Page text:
Dougherty: Packers positioned to clear cap space by shedding some big-name players
Brian Gutekunst is looking at a roster teardown in a few weeks, but the Green Bay Packers general manager will have plenty of salary-cap room for the rebuild as well.
Some of the departing names will be big, though not much of a surprise. Age and injury eventually get everyone.
Randall Cobb. Nick Perry. Bryan Bulaga. Jimmy Graham. Clay Matthews, too, unless he’s willing to return for about half the pay he’s making now.
But Gutekunst figures to have about $55 million in cap room in 2019 to replenish his roster for a new coach as well. He needs a quick rebuild to get the Packers back into championship contention for the final few years of Aaron Rodgers’ career.
First, here’s a closer look at the big-name players Gutekunst figures to walk away from after this season, and how each will affect the team’s 2019 cap:
The Packers’ overhaul at outside rush is overdue, and Matthews will be a free agent after making $11.4 million this year.
He’ll be 33 next season and obviously isn’t the pass rusher he used to be – he has 3½ sacks in 13 games this year and hasn’t had a double-digit season since 2014.
Maybe another team will sign him to play only on obvious passing downs, thinking less will be more (he has played 77 percent of the Packers’ defensive snaps this season). Maybe. It only takes one.
But Matthews still is a viable player for the Packers at a reduced price, too. At this point in his career he’s best suited to playing primarily inside linebacker in their 3-4; the guess here is at a contract in the $5 million to $6 million range, plus incentives. Then they could play him inside most of the time and as a complementary rusher on occasion.
Maybe Matthews would go for that. Maybe not. We’ll have to see how his market shakes out.
A no-brainer. Cutting him will save the Packers $10 million in cash and $3.37 million in cap room.
Perry, 28, has been a capable outside rusher when healthy. The problem is, he’s rarely healthy. He has never played 16 games in a season and been ineffective when he has played through various hand and leg injuries. He has only one double-digit sack season in his career.
This year was all too predictable. He never fully recovered from offseason ankle surgery, then landed on IR after nine games after injuring his knee. He has 1½ sacks.
He has served the Packers with distinction, but it’s time they move on from a player whose contract runs out this season.
The 28-year-old Cobb has endeared himself to the coaching staff by playing through injuries and as a veteran receiver who’s in tune with Rodgers. But he’s also a small target and has taken a physical pounding that has robbed him of athletic ability and left him more prone to injury – he missed four games last season and four so far this year.
The Packers also have three young receivers (Geronimo Allison, Marquez Valdes-Scantling and Equanimeous St. Brown) who will be ready for bigger roles in 2019. It will be time to get them on the field.
The Packers can save $6.75 million in cash and cap space by releasing him. Simply stated, his body is giving out after a series of serious hip and knee injuries dating to 2012. Since 2017 he has missed 12 games and mostly played hurt when he has been on the field. He has been on the injury report (knee) much of this season. The Packers just can’t count on him to stay healthy as a 30-year-old next year.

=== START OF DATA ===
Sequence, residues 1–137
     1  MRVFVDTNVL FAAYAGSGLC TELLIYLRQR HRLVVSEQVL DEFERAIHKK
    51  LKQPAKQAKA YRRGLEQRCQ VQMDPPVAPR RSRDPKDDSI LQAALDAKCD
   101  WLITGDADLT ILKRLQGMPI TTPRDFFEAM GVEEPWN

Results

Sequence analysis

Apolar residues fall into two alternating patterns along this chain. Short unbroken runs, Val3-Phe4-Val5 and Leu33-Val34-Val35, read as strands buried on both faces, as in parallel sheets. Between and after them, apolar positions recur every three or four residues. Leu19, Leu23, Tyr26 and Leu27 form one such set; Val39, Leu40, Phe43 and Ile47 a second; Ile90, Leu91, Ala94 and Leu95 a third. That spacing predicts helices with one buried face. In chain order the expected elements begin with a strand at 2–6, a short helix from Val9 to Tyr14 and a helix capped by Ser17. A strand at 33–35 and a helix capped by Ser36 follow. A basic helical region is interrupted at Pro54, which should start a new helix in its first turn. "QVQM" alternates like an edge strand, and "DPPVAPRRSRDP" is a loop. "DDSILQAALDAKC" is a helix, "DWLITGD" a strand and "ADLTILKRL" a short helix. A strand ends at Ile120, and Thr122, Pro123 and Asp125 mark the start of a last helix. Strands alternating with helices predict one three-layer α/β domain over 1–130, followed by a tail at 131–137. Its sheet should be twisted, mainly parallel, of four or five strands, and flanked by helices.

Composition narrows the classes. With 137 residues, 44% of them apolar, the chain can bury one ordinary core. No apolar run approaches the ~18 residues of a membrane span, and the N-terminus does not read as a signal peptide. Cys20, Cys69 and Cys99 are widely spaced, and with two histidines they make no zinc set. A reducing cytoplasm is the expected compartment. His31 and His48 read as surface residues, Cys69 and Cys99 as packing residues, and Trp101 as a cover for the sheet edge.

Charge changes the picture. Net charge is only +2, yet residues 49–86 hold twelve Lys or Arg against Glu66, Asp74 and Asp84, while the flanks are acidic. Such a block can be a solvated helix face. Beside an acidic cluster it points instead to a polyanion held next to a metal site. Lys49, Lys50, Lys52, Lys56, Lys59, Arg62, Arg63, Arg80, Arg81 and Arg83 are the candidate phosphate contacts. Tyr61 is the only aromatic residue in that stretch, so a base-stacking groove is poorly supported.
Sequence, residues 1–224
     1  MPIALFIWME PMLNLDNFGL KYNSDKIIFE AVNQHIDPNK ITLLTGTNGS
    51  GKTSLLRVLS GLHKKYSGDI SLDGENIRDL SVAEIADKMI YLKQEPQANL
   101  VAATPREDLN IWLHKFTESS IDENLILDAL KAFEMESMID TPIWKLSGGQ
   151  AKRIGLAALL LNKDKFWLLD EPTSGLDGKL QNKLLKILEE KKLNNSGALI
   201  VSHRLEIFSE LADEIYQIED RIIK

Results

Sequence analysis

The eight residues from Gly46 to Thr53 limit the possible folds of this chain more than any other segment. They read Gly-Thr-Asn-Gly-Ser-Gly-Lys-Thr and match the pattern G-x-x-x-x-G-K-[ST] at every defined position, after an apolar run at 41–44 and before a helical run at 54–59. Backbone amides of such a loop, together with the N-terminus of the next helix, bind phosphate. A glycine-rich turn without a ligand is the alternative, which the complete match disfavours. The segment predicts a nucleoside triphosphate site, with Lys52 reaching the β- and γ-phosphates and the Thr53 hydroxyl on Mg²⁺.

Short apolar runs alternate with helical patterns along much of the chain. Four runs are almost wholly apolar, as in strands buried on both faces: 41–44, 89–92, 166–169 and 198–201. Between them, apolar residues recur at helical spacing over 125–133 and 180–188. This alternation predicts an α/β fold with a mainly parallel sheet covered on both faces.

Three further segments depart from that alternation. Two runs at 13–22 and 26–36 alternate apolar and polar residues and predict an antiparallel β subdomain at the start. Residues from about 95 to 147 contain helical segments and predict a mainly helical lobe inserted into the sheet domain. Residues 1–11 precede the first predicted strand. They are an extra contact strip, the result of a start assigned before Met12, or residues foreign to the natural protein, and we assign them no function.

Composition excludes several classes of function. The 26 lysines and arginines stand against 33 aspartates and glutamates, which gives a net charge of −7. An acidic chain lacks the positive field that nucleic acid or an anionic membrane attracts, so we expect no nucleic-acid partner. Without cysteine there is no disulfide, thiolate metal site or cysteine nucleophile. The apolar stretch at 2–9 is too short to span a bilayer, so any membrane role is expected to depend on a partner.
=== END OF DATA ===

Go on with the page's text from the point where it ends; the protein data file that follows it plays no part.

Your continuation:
Cutting him will save $9 million in cash and $5.33 million in cap room. Gutekunst took a shot that Graham would be a difference maker playing with Rodgers after he caught 10 touchdown passes with Seattle in 2017. But Graham has hit the wall, so Gutekunst should cut his losses.
Graham’s 46 receptions rank No. 2 on the team, but he hasn’t made game-changing plays. He’ll get consideration for the Pro Football Hall of Fame five years after he retires, but he’s not nearly the athlete he was.
The Packers also should move on from his backups, Lance Kendricks (age 31 next season) and Marcedes Lewis (35 next season), whose contracts run out this year. It’s time to get younger at tight end.
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As for Tramon Williams, at age 35 he’s ancient for a defensive back, and the Packers would save $4.75 million in cap and cash if they let him go. But he’s worth keeping around for one more year as a stopgap at safety and cornerback. and a veteran worth emulating for the team’s young defensive backs.
If Gutekunst makes all the moves described above, he’ll save about $15 million in cap room, which would give him about $55 million in cap room entering the 2019 offseason (based on the NFL’s cap projection of approximately $190 million), according to Over The Cap. He also doesn’t have a must-sign free agent of his own to eat into that.
Besides Matthews at a reduced price, the only other free agent worth bringing back is cornerback Bashaud Breeland. Breeland missed only four games in his first four seasons in the league, but an offseason foot injury cost him a lucrative contract in free agency, and hamstring and groin injuries have sidelined him for six of 10 games since he signed with the Packers. He’s a good candidate for a one-year deal to prove he can get back to full health.
Either way, Gutekunst will have cash to work with and can pursue a big-money player if he wants. He can fill multiple roster holes with mid-level players, too. Besides outside rushers, he’s in the market for starters at safety, right tackle, guard and tight end.
Things are changing fast with this team. In a couple months it will have a new coach and shed some former stars. Then it will be time to add the players in free agency and the draft who could make or break this franchise for the next few years.